Researchers from Brown University in Providence, Rhode Island, had no better luck in 2011. They tracked the lives of 1,815 men and women who had suffered a heart attack for 10 years, and compared them with a case-matched group of healthy people. Both groups ate similar amounts of dairy products, with some in the healthy group eating up to 593 g of dairy per day—yet no one in either group suffered either a first or a subsequent heart attack.6
Leading cardiologist Aseem Malhotra, from Croydon University Hospital, London, is not surprised. In an article for The British Medical Journal, he said it’s time “to bust the myth” of the role of saturated fat in heart disease. Not only have studies failed to uncover any significant association between saturated fats and cardiovascular risk, but also the very opposite has been found: fats help to protect the heart and arteries, says Malhotra.7
TIME it’s a-changin’
TIME magazine is famed for the people it features on its cover. In 1961, pride of place went to biologist Ancel Keys, who led the landmark Seven Countries Study, which appeared to establish a relationship between the fats we ate and heart disease.
But in 2014, TIME’s cover carried an image of a roll of butter and the words: “Eat butter. Scientists labeled fat the enemy. Why they were wrong.”
In the accompanying feature, the magazine admitted that the war on fat had been wrong all along and that the science supporting the theory had been “junk.” As the article also reported: “Keys chose the countries most likely to confirm his hypothesis, while excluding nations like France—where the diet is rich in fat but heart disease is rare—that might have challenged it.”
The boys pay a visit
When the US Senate Select Committee on Nutrition and Human Needs issued its report in 1977, Dr Mary Enig, then a graduate student at the University of Maryland, thought there was something very odd about it.
Essentially, they were exhorting the American public to eat less saturated fat, but it was something they’d been doing since the turn of the 20th century. In fact, people were consuming far more vegetable oils, or trans fats.
Animal-fat consumption by the average American had declined from 104 g/day in 1907 to 97 g/day in 1972, whereas the consumption of vegetable fat—the deadly trans fats—had increased from 21 g/day to almost 60 g/day over the same period, she revealed in a study. Yet, despite eating supposedly less of the ‘dangerous’ saturated fats, the rate of heart disease in general, and heart attacks in particular, continued to climb.1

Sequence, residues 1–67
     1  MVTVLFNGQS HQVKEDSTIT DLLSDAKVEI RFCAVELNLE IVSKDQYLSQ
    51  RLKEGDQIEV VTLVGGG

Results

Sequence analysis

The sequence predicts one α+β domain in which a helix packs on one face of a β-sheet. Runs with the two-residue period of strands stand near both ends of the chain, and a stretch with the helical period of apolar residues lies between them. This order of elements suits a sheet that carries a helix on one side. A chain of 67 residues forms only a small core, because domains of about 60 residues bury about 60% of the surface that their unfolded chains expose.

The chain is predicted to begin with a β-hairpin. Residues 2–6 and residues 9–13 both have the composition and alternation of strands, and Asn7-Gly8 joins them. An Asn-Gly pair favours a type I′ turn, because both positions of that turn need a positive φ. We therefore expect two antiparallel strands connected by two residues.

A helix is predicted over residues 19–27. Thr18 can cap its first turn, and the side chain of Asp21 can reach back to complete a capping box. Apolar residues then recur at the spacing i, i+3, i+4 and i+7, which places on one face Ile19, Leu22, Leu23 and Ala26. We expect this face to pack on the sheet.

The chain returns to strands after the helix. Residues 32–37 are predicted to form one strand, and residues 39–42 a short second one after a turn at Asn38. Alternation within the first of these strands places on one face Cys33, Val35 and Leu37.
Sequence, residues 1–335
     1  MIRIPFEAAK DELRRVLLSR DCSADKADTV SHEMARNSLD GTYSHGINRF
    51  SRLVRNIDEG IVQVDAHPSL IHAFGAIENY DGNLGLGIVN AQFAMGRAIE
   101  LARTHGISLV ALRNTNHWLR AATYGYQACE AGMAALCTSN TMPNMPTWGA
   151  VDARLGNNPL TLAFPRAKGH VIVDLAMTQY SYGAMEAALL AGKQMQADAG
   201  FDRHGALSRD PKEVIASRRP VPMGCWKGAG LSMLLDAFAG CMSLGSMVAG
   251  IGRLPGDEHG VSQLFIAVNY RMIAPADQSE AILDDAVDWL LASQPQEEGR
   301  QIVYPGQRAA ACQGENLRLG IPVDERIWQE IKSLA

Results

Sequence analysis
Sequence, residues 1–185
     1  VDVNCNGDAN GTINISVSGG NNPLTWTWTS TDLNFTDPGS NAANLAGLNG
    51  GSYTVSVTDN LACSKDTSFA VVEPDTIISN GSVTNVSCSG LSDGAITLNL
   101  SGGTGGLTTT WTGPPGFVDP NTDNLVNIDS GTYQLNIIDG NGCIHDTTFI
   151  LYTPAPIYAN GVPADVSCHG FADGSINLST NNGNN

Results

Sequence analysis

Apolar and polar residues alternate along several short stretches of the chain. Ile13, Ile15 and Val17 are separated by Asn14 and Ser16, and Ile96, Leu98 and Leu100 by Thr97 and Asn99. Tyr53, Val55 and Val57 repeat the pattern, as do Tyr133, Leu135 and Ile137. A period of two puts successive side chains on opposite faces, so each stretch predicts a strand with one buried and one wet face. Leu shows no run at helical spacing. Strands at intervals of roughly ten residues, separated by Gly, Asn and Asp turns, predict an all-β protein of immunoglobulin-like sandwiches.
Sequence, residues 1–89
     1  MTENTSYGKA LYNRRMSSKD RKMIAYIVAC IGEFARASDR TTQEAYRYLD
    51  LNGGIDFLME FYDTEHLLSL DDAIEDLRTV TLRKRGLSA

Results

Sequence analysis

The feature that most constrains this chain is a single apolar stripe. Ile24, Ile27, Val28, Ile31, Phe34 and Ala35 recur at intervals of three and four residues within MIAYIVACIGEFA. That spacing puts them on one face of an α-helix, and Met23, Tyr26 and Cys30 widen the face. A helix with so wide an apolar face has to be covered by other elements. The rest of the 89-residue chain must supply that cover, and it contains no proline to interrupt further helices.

But there were powerful groups that wanted to see the fats–cholesterol theory promulgated as fact, as Enig discovered soon after her paper was published.
In early 1979, as she recounted later, she had a visit from S.F. Reipma of the National Association of Margarine Manufacturers.
“Reipma was visibly annoyed. He explained that both his association and the Institute for Shortening and Edible Oils kept careful watch to prevent articles like mine from appearing in the literature. The paper should never have been published, he said. ‘We left the barn door open, and the horse got out,’ he told me.”
Weeks later, Reipma returned, this time with Thomas Applewhite from Kraft Foods, Ronald Simpson of Central Soya, and an unnamed representative for Lever Brothers, angrily brandishing press cuttings of articles that had reported on her findings.2
There are saturated fats and saturated fats. In fact, there are more than a dozen of them, but we mainly consume just three types: stearic, palmitic and lauric acids. They represent 95 percent of the fats found in animal meats, and 70 percent of what’s in butter and whole milk.
And it’s little wonder that scientists couldn’t find much evidence to support the theory that they cause heart disease—because these fats are good for us.
Stearic acid, also found in cocoa, is converted into a monounsaturated fat called ‘oleic acid’ once it reaches the liver. Oleic acid is the main ingredient in olive oil, one of the mainstays of the very healthy Mediterranean diet.
Palmitic and lauric acids are considered the bad boys because they supposedly raise your blood cholesterol levels (even though the biological mechanism remains a mystery).
But what is almost never mentioned is that they also boost levels of the so-called ‘good’ cholesterol, the high-density lipoprotein (HDL) cholesterol, to higher levels than they do of the ‘bad’ low-density lipoprotein (LDL) kind.
This means that any harmful effects they supposedly have on your arteries are more than compensated for by their beneficial effects.